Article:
Saturday, March 10, 2018

fear and other baggage

fear is an annoyance, rearing its head when you least desire it, popping up from the depths where you had tucked it away. sometimes you are surprised by what provokes it, other times, it returns like dust on your window ledge, there's a thin covering of it and you didn't even notice its arrival until it's there, keeping you awake at night, grinding your teeth. my fear doesn't have to do with dying, it's about feeling (or being shown) that i don't belong. but this piece about audrey lourde on the ever-brilliant brainpickings spoke to me, even tho' it was about the much more real fear of impending death. as the piece says, not giving in to fear is about "everyday living and making decisions." deciding not to give in to fear, to let it rob you of sleep, your fillings, your happiness and contentment and your genuine enjoyment of your job and life in general. but, in times of uncertainty, that can be hard.

i wrote the above last sunday night and left it unfinished here in my browser tab. in the meantime, i've had a whole week to ponder the question of fear. i also listened to a wonderful podcast on the topic, which, by chance (or not, if you have a fatalist presbyterian inside you), was the nytimes podcast club's pick this week - closer than they appear. it was so thoughtful, deep and self-reflective, that it made me think about fear differently. the host, carvell wallace, examines trump's america and how one can cope with living in it. in the first episode, he asked listeners to think about someone they'd like to talk to, who they haven't been able to for one reason or another - someone who they were estranged from or angry with - and about something you want to say to someone, which you haven't been able to say.

and i began to think about who that would be for me. two people came to mind, and then it became three and then four, none of which i really have the possibility to speak to, unless i really tried. but the need is still there, and i think it's actually really blocking me from truly living to my full potential. in all three four cases, it is the root of the fear i feel today in the face of some of my colleagues losing their jobs and fearing for my own.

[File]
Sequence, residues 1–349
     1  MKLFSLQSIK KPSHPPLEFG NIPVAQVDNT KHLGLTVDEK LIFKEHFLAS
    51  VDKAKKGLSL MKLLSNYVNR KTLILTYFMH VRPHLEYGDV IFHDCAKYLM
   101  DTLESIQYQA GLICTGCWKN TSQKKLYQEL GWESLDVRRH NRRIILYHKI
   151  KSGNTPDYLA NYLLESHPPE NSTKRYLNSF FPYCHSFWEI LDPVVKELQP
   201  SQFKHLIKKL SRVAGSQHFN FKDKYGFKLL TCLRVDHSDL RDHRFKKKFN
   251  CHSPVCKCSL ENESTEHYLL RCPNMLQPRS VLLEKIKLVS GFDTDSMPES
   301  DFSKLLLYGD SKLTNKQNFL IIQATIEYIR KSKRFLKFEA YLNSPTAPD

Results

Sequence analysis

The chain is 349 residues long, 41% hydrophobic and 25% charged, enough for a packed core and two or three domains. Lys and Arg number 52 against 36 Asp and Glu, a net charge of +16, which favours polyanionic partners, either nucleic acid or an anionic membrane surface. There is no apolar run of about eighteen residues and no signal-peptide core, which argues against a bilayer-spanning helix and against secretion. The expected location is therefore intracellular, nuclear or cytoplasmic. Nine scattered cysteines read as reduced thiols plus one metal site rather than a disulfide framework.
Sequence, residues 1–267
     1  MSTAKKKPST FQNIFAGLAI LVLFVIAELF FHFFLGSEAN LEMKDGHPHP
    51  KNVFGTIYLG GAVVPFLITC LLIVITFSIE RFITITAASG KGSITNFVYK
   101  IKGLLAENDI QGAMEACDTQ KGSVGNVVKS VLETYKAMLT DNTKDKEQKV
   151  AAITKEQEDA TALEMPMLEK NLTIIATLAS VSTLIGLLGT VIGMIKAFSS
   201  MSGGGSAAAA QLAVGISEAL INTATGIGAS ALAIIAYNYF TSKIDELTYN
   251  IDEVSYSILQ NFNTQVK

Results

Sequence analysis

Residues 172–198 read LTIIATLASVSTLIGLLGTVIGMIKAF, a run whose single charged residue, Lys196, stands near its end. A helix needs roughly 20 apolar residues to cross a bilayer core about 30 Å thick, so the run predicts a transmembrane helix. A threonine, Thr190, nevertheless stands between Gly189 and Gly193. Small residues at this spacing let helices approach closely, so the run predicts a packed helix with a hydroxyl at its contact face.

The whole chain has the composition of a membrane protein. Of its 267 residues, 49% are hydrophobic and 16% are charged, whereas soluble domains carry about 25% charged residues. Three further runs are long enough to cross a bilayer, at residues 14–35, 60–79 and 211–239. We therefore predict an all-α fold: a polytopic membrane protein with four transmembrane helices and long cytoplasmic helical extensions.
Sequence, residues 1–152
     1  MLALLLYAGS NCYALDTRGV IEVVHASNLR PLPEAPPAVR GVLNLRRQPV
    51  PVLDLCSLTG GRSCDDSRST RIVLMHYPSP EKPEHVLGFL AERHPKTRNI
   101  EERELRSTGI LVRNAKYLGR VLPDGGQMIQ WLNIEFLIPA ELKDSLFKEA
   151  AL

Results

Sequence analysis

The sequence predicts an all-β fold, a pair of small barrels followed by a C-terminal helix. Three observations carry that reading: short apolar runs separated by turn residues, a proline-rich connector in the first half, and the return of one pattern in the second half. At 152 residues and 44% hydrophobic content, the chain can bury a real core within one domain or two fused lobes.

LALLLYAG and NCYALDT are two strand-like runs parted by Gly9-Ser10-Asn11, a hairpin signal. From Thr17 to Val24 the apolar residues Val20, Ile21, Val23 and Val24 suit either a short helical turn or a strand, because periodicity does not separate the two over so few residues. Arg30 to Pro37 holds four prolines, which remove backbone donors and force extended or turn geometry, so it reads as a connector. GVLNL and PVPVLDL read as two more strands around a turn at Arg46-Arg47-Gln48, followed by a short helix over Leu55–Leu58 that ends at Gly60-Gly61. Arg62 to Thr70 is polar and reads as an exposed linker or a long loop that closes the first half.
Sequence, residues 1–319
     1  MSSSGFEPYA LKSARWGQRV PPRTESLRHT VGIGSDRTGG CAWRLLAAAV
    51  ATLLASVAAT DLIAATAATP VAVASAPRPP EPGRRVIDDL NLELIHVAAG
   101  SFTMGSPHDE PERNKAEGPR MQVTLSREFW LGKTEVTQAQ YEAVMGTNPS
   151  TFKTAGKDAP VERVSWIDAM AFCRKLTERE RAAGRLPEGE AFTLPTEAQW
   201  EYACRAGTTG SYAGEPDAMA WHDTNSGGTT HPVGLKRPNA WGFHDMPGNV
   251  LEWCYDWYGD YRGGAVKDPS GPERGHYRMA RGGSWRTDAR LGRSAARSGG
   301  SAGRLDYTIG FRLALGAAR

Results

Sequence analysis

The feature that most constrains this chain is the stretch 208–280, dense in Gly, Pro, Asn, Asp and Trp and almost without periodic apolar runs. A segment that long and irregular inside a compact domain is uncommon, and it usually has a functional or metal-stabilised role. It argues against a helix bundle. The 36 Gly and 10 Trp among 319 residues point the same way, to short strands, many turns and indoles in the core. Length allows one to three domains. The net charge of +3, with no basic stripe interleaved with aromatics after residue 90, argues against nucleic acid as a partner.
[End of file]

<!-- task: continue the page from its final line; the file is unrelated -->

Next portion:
the first one is that old norwegian misogynist dinosaur who was a sexist son-of-a-bitch to my face. in this era of #metoo, he has been on my mind a lot. i was so nonplussed at the time, that i just flushed and swallowed hard and couldn't think of a single thing to say against his ridiculous claim that a woman couldn't interview a shipping ceo. and i eventually left that job because of that incident, which i reported to hr and then was "bought out" and left.  i'd like to call him a misogynist dinosaur to his face.

the second one is uncle fester. he was utterly wrong about a situation and he never admitted that he was wrong. of course, he was someone who had no problem standing in front of large groups of people, lying to their faces, so there's that. i have heard that he has had a rather severe case of lyme disease, which makes me believe in karma. he is the least of the four, as i moved on to other jobs which took me in a better, more interesting direction. i would still like to tell him i think he's a weak coward for being unable to admit his mistake. and i probably could write to him, but i'm not sure it's worth it.

number three is an old friend who hasn't been a friend for some years. i'd love to tell him (these are all men, have you noticed?) how hurt i was by his actions, but i'm not sure what good it would do. on the other hand, i had an amazing bodywork session on friday that made me think that i hold this baggage in my body, so perhaps it would be worth getting in touch and trying to clear the air.

the last is that asshat from lego. he said i wasn't commercial. and he negated me as a person, more than any of the others (except, perhaps interestingly enough, that other norwegian twat). perhaps above all, i'd like to give him a piece of my mind. and since he's but 15 minutes away, the possibility lingers.

but then i think about whether it's really worth it. would any of them learn anything or recognize the damage they did? would i be prepared to accept it if they didn't? would my body be able to let go of the baggage i carry? at my age, there's starting to be so much, that i wonder sometimes how i can carry it all.

i'm not done pondering this and i think i'll even listen to the closer than they appear podcast again, to try and work through it (also, it's that good). and i'm definitely going back for more bodywork - that was amazing. and potentially transformative. it would be good to be able to let go of all this fear. undoubtedly a whole new wave of fears would take center stage, but then i could deal with those (i'm looking at you, alzheimer's). above all, it would be good to have something else rule my life/ awesome energy and good karma.

so much work to do.

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